Just a Little Exercise is Essential for Successful Diabetes Management

Staying active is an essential part of successful diabetes management. Not only does regular physical activity have a range of health benefits, it can also enhance motivation and energy to help you cope with the daily challenges of diabetes.

Regular exercise can help:

  • Achieve and maintain a healthy body weight
  • Improve blood sugar regulation (lowering blood sugar within an hour of starting to exercise)
  • Reduce your risk of diabetes complications, such as cardiovascular disease
  • Increase circulation and immunity for better healing
  • Enhance your ability to cope with stress
  • Support musculoskeletal health
  • Boost mood, motivation and cognition
  • Raise energy levels.

Modest weight loss and physical activity have been shown to lower the risk of type 2 diabetes by up to 58% in those at high risk of the disease.  But, what if exercise is a struggle and you just can’t face going to the gym? Thankfully, there are simple ways to add exercise to your life, without having to become a gym rat.

Modest weight loss and physical activity have been shown to lower the risk of type 2 diabetes by up to 58%

Simple Exercise Ideas

The best approach to starting an exercise regime is to find your current comfort level and push yourself a little bit beyond that, creating steady improvements in muscle tone and energy.

Begin to build exercise into your day by:

  • Taking the stairs at work
  • Getting off transit a stop early
  • Walking across the office instead of emailing your colleague
  • Walking the kids to school
  • Taking a 15-40 minute walk after your evening meal to balance blood sugar and get your heart pumping

Stepping It Up

Once you become more comfortable with exercising you can try switching your weekend brunch with friends to a forest walk or hike, suggest an outing to a local botanical garden instead of sitting in the theatre, or take the kids for a swim at the beach or local pool. If you like to combine mental and physical challenges, then take up geocaching or orienteering, sign up for a neighbourhood scavenger hunt or take a walking tour to find out more about where you live.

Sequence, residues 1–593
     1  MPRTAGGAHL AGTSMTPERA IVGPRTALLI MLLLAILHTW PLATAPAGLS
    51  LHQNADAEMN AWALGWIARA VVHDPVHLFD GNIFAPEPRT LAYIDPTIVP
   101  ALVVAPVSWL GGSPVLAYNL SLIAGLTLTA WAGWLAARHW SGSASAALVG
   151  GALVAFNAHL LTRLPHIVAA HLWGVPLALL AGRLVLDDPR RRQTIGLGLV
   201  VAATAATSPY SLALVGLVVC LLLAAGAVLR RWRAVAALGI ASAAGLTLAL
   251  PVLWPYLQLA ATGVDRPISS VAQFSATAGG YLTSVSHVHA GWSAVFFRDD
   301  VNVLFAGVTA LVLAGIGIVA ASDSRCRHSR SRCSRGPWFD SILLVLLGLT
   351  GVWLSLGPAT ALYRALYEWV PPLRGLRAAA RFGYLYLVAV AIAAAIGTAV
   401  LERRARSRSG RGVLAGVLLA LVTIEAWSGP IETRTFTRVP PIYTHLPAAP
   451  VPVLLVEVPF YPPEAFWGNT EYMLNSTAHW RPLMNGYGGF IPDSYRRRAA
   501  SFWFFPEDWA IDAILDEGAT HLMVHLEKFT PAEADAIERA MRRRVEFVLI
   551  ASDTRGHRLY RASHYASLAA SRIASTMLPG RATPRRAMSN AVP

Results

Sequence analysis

In summer, take family or friends to a “you-pick” farm and you’ll be amazed at how quickly you’re burning calories simply picking berries and fruit (and you’ll have a healthy haul to show for it!). Work yourself up to cycling, brisk walking, or skiing, and add in resistance training (using weights or your own body weight).

Resistance training is great for those with diabetes as it helps to build and maintain muscle and thereby improve insulin response and blood glucose regulation. It’s also a nice way to round off a run or brisk walk by doing some repetitions using free weights at home or in the gym. If you don’t have hand weights then fill up a couple of water bottles or even use cans of beans to use as lighter weights. That way, you can do a few sets of reps and tone up those arms while you’re sitting at your desk.

Keep it safe

It’s important to discuss any new exercise regime with your healthcare provider first, as exercise lowers blood sugar, meaning that close monitoring of blood glucose is vital and medications may need altering to avoid blood sugar dropping too low.

Getting active doesn’t mean slogging it out on the treadmill.

Getting up and active doesn’t mean slogging it out on the treadmill day after day and there are plenty of ways to exercise without it seeming like a chore. It’s important to exercise in ways that appeal to you, and if you find it hard to exercise by yourself take a buddy mall-walking, or use your dog as an energetic hiking motivator. Talk to your health care provider about designing an exercise plan that’s perfect for you and you’ll soon see the benefits for blood glucose control, higher energy, and enhanced mood!